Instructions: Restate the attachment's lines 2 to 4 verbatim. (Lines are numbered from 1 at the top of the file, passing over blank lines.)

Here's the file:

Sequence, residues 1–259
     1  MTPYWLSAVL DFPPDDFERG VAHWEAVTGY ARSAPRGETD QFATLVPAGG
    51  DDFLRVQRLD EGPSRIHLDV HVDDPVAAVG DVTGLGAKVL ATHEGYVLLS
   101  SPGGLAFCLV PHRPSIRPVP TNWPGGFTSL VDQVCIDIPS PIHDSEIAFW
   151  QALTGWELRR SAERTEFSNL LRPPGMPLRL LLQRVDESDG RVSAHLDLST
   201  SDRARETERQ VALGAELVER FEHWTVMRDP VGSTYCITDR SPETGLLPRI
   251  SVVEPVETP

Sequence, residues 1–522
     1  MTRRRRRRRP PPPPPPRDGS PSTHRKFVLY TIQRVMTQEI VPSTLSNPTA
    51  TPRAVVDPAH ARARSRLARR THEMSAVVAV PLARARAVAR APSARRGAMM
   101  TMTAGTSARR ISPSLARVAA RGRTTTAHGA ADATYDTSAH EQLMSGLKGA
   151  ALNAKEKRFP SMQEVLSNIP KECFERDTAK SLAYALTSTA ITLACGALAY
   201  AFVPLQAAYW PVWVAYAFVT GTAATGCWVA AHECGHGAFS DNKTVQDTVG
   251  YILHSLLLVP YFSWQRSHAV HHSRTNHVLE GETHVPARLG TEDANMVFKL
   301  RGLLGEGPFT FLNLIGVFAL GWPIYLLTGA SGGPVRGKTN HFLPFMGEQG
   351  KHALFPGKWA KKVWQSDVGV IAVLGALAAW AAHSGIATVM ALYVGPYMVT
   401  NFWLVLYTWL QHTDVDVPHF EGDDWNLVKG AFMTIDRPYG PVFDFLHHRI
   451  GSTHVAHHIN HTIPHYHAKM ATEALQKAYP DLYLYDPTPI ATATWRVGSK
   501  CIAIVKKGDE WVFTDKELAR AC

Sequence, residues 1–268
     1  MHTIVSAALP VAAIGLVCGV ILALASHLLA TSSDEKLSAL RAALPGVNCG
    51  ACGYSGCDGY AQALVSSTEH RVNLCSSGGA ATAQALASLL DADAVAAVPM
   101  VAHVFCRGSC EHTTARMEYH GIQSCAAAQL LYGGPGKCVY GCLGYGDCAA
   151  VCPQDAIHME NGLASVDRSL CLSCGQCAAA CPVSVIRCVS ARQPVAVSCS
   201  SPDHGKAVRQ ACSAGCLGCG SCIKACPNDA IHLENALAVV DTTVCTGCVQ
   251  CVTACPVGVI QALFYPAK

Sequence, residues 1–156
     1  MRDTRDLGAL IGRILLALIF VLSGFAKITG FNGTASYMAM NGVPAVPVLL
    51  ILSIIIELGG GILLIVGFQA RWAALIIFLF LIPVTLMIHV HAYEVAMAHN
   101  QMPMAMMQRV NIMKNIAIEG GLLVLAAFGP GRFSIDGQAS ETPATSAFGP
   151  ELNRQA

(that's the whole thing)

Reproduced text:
     1  MTPYWLSAVL DFPPDDFERG VAHWEAVTGY ARSAPRGETD QFATLVPAGG
    51  DDFLRVQRLD EGPSRIHLDV HVDDPVAAVG DVTGLGAKVL ATHEGYVLLS
   101  SPGGLAFCLV PHRPSIRPVP TNWPGGFTSL VDQVCIDIPS PIHDSEIAFW